Pad and Rotor Bed-In Theory, Definitions, and Procedures
Removing the Mystery from Brake Pad Bed-In
by Matt Weiss of StopTech and James Walker, Jr. of scR motorsports (2004)
In order for any brake system to work optimally, the rotors and pads must be properly bedded-in, period. This process can also be called break-in, conditioning, or burnishing, but whatever terminology you choose, getting the brakes properly bedded-in and keeping them that way is critical to the peak performance of the entire brake system.
However, understanding why the rotors and pads need to be bedded-in is just as important as the actual process. If one understands what is happening during the bed-in process, they can tailor the process to specific pads, rotors, and/or driving conditions. For this reason, we present this generic bed-in overview pertaining to all brake systems, but follow with links to application-specific bed-in procedures to fit most every set of circumstances.
What is brake pad “bed-in” anyway?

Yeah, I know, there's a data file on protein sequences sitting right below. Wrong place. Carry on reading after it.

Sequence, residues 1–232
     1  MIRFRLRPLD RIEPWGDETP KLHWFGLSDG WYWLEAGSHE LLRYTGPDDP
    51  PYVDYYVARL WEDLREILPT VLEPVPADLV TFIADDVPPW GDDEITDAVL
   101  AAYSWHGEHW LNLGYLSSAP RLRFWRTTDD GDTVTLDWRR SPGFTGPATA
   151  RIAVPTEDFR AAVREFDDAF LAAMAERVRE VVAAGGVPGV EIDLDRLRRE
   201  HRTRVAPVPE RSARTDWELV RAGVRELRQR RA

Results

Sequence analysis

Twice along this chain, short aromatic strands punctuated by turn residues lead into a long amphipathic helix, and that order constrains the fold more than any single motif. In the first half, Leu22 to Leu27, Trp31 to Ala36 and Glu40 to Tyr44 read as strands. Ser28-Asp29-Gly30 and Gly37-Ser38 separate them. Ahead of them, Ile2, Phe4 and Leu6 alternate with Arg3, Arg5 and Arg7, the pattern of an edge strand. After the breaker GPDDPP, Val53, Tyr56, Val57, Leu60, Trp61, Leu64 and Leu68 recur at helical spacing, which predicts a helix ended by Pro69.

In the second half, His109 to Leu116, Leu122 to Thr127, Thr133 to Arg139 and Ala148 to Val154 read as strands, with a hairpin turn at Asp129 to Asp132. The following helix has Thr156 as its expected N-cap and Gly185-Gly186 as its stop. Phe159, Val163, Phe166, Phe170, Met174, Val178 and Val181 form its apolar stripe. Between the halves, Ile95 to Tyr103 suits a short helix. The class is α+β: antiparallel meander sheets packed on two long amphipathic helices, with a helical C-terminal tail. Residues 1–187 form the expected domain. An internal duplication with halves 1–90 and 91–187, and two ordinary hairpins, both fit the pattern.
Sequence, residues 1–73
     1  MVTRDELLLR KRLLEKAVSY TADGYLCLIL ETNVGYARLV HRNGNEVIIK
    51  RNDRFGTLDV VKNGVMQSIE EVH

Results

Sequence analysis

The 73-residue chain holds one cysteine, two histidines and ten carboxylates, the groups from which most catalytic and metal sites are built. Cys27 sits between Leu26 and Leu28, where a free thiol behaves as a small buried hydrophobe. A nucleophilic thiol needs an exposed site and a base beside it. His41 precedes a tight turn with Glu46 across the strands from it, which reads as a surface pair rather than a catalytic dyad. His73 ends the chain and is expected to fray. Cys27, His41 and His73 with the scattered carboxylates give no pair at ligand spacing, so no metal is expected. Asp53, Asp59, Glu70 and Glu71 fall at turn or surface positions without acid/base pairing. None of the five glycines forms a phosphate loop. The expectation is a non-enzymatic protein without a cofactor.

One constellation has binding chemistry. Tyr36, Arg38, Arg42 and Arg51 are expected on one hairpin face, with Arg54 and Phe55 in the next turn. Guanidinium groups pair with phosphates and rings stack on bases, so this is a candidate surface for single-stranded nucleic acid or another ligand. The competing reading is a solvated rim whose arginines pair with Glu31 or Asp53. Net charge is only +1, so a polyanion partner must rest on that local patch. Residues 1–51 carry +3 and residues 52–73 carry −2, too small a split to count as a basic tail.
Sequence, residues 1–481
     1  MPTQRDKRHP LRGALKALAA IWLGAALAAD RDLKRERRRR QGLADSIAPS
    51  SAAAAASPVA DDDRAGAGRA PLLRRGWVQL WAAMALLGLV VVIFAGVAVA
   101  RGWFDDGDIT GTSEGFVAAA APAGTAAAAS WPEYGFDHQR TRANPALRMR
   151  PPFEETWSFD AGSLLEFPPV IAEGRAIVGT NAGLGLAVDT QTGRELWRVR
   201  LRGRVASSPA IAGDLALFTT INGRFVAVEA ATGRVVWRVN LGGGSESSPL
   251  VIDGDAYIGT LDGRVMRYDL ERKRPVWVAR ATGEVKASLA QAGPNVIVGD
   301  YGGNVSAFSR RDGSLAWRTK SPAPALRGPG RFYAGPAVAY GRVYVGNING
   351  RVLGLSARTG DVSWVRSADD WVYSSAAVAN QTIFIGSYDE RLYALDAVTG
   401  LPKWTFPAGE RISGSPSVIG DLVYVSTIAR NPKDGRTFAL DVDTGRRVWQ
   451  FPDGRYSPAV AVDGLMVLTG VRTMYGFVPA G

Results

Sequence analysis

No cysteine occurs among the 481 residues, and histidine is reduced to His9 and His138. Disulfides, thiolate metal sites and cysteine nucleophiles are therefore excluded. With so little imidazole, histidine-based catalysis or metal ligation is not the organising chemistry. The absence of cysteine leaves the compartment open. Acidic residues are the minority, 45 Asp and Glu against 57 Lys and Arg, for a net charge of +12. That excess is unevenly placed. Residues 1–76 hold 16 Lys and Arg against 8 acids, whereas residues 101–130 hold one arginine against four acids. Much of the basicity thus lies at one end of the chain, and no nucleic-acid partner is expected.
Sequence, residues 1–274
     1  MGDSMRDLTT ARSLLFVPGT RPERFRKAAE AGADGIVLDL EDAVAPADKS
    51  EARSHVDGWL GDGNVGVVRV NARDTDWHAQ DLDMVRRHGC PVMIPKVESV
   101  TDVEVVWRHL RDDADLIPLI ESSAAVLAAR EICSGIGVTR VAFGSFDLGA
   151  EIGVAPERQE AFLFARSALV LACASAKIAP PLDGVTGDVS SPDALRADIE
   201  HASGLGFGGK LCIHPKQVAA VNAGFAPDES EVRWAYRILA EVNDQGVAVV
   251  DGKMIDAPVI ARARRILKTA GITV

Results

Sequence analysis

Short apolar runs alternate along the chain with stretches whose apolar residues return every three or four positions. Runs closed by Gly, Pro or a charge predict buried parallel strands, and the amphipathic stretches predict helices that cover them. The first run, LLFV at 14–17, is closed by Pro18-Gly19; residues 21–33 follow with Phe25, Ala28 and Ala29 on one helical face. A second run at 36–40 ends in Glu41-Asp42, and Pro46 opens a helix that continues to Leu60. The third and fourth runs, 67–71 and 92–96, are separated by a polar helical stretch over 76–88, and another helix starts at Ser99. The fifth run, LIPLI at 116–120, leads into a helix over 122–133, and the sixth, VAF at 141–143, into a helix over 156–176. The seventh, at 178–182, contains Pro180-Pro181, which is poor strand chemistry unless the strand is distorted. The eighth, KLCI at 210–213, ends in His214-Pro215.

Simply stated, bed-in is the process of depositing an even layer of brake pad material, or transfer layer, on the rubbing surface of the rotor disc. That’s it. End of discussion. Ok, not really, but although bed-in is quite basic in definition, achieving this condition in practice can be quite a challenge, and the ramifications of improper or incomplete bed-in can be quite a-a-n-n-o-o-y-y-i-i-n-n-g-g.
Abrasive friction and adherent friction
There are two basic types of brake pad friction mechanisms: abrasive friction and adherent friction. In general, all pads display a bit of each, with abrasive mechanisms dominating the lower temperature ranges while adherent mechanisms come more into play as pad temperature increases. Both mechanisms allow for friction or the conversion of Kinetic energy to Thermal energy, which is the function of a brake system, by the breaking of molecular bonds in vastly different ways.